April 28, 2008 – Daniel Pitti, associate director of the University of Virginia's Institute for the Advanced Technologies in the Humanities, is serving on the National Archives and Record Administration's Advisory Committee on the Electronic Records Archive. Pitti's appointment, effective Jan. 1, came after almost seven years of work with the institute, during which he designed several databases in support of research projects.
Pitti will continue to work at U.Va. while serving on the committee.
The committee advises the archivist of the United States on technical, mission and service issues related to the Electronic Records Archive system.
"The digital age presents daunting challenges to the preservation of the records of the U.S. Government," Pitti said. "The purpose of a national archive is to support transparency in a democratic government. The advent of digital communication and electronic records has created technical, social, legal and ethical problems for that goal."
The National Archives and Record Administration — the country's recordkeeper — holds the 1 and 3 percent of the documents and material created by the federal government that are considered legally or historically significant. They do not loan out any original documents for research, and thus access to these materials is limited until the electronic system is completed.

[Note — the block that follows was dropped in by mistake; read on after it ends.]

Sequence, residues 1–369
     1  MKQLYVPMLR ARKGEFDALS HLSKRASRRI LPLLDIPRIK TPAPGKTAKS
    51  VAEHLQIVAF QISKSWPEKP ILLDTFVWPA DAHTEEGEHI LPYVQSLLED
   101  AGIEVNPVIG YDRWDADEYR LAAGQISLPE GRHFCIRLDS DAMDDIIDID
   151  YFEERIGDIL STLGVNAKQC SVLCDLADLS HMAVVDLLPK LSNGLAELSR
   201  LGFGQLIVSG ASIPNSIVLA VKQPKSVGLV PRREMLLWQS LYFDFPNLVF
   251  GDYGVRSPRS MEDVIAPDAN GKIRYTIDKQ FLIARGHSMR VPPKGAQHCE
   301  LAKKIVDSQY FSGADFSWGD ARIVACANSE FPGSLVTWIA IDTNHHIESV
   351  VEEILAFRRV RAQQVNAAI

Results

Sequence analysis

Despite the formidable challenge that the electronic records presents, Allen Weinstein, archivist of the United States, says that the National Archives and Record Administration is committed to addressing the challenge head-on.
"NARA's vision is to create a system that will authentically preserve and provide access to any kind of electronic record, free from dependency on any specific hardware or software, enabling NARA to carry out its mission into the future," he said.
The advisory committee's membership is drawn from private companies, government groups and universities.
Pitti specializes in research project design, with a particular focus on the use of markup and database technologies. He served as the main technical architect behind Encoded Archival Description, recognized and employed internationally as the standard for communicating archival description; and Encoded Archival Context, a prototype standard for the description of people, individuals, families and corporate bodies.
For information on NARA, visit www.archives.gov/about/.